Sunday, January 24, 2010

Phase One: lofting, patterns, frames, and stems



This first posting is a duplicate of the two postings from the previous Dark Secret project blog. With apologies to Gold Coast Marine Distributors, I have moved the project to this site.

I am building "Dark Secret (everybody else seems to have one; I want mine), William Atkin's 18'7" Valgerda. She is based on the traditional Norwegian faeirngs of Hardangersfjord. Desginer's study plan and commentary are here:

http://www.boat-links.com/Atkinco/Sail/Valgerda.html

She is a very simple boat, and is extremely elegant. Three frames, three planks per side, and a smattering of structural details makes for a manageable project. To those considering building their first boat I highly recommend this design.

I am fortunate to be employed at a boatyard where there is some unused space in the loft above the carpentry shop. This is where the project is happening. In my role as carpentry department head, I find that I spend enough time on the phone, writing estimates, ordering parts, and maintaining tools that I don't get to use my tools (or skills) as much as I'd like to during the work day. Building this boat is basically a way to keep my juices flowing and to stay sharp at something on which I spent a great deal of time and effort to learn how to do.

My intent is to remain faithful to the design, with a few carefully considered modifications. Construction method will be "Joel White Style" - laminated frames and epoxied laps, a la the Nutshell Pram, as opposed to the built-up frames and seam battens as designed. This will result in a MUCH cleaner interior, and will not sacrifice any appreciable strength. I also like the fact that the laps will show on the exterior and give a nice, crisp shadow line. The battened seams, bevelled to meet flush at the knuckles just wouldn't have the same look.

I will not be fitting her with the deep skeg as shown in the plans. I will fit a more traditional skeg, molded about 4". The designer is clear about the fact that she is primarily a rowing boat. The deep skeg will ruin her as a beach boat and won't do her any favors when rowing. The small chunk of ballast will be installed as shown in the plans. It will just be closer to the rabbet. The effect this will have on stability should be minimal. It doesn't provide much righting force, even in its as-designed location. There is a lot of debate about the skeg on this boat in various forums. My decision is based entirely on the boat's intended use.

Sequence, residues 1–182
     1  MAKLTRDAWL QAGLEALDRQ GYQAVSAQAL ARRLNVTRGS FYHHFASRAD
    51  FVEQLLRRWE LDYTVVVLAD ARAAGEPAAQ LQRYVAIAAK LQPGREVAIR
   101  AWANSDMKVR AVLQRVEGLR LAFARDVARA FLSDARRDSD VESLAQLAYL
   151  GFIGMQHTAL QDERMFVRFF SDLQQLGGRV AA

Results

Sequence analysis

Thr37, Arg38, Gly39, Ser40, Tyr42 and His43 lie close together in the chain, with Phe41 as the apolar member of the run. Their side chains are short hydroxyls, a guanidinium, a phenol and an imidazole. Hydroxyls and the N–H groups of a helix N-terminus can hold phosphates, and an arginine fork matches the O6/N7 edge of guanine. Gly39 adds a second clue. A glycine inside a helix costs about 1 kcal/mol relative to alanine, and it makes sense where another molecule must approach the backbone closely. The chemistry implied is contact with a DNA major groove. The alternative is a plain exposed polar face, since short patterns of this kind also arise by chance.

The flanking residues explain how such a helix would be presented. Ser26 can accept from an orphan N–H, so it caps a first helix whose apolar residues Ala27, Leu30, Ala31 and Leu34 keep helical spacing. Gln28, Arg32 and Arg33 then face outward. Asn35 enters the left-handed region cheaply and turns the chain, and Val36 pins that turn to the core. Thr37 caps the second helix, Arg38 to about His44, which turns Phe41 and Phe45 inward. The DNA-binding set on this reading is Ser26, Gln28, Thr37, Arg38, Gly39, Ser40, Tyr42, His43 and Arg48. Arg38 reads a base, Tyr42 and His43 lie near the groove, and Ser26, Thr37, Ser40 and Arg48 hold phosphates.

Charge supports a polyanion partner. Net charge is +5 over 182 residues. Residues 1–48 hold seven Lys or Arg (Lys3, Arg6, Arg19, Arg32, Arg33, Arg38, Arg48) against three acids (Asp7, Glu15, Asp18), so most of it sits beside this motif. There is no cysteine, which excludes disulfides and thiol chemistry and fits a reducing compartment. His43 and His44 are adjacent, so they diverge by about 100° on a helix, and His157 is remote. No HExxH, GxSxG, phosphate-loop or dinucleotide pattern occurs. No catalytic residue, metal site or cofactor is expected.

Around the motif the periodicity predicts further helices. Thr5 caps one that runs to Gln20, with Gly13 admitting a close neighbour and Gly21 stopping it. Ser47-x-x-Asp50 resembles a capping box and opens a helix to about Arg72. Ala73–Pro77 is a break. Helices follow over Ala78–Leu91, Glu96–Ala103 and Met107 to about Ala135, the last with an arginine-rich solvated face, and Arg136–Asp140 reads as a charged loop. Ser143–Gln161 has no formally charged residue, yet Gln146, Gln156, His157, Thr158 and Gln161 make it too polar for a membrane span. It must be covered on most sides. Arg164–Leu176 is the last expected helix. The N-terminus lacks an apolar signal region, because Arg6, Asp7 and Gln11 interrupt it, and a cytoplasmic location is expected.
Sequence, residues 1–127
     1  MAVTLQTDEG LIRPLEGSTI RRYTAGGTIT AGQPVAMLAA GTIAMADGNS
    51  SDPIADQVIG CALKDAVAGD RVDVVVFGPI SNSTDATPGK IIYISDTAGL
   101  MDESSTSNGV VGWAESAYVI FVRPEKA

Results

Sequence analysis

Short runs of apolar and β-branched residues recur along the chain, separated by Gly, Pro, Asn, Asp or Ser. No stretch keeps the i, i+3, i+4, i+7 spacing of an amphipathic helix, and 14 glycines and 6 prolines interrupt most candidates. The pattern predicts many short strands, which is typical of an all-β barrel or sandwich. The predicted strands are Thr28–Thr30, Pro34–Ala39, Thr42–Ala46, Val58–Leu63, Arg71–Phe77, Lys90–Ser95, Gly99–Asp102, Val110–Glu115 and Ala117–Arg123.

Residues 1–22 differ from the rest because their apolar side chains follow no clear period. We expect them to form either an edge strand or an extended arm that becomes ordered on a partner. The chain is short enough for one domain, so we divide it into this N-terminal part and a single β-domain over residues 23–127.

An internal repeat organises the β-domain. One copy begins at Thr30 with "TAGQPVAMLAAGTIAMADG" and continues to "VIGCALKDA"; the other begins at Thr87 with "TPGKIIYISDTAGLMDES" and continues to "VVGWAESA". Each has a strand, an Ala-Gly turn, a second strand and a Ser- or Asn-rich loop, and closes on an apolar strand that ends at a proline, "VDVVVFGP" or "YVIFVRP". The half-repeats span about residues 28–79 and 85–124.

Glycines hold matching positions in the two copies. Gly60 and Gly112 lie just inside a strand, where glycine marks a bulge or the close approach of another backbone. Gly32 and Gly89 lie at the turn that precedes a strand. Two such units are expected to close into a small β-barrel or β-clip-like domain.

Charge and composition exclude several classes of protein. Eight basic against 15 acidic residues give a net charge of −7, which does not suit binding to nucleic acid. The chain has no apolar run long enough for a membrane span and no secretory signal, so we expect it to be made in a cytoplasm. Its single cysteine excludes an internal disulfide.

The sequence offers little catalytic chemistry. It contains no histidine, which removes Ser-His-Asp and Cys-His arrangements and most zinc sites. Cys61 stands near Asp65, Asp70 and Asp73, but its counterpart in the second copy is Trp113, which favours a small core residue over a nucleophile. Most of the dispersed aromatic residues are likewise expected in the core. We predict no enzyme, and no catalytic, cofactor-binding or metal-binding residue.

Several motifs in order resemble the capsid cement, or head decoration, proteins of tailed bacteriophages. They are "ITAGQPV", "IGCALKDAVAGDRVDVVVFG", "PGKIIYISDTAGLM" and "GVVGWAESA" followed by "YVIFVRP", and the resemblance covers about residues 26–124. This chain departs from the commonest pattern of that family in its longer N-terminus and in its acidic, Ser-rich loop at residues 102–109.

The only other change I am making is to split the backbone at the apex line. The set-up will be: inner stems, frames, and inner keel (apron), with plywood skin landing on a bevel. Outer stems and batten keel will be affixed after the skin is complete.

I will NOT be sheathing this boat. This also seems to be a point of contention among builders. While she will not be treated like a holy relic, she will not be subjected to hard use. Brass half-oval on the centerline and a pair of runners inboard of the first lap, about 4' long, so that she can lay on her chine on the beach is the extent of bottom protection that will be installed.

I have a copy of "Sailboats and Auxiliaries You Can Build", part of the MotorBoating Ideal Series, that contains the MotorBoating article written by Mr. Atkin, as well as lines, offsets, sail plan, and construction details for this design. I am building from this data. There is one issue with the plans as published: The forward and aft perpendiculars are shown at the stemheads in profile, and at the rabbet line in plan. I did not discover this until well into the lofting process. I will cover my solution to this in a future posting. I don't know whether the full building plans available through the above link have had this rectified or not.

Having me attempt to explain what went on at the loft floor would be a waste of your time. There are many texts and treatises on lofting available, and all of them do a better job of explaining the process than I can. Valgerda is not a difficult boat to loft. There is enough of it involved to gain a real and useful understanding of the process, but not so much that you get bogged down in the minutiae required for a round-bottomed boat.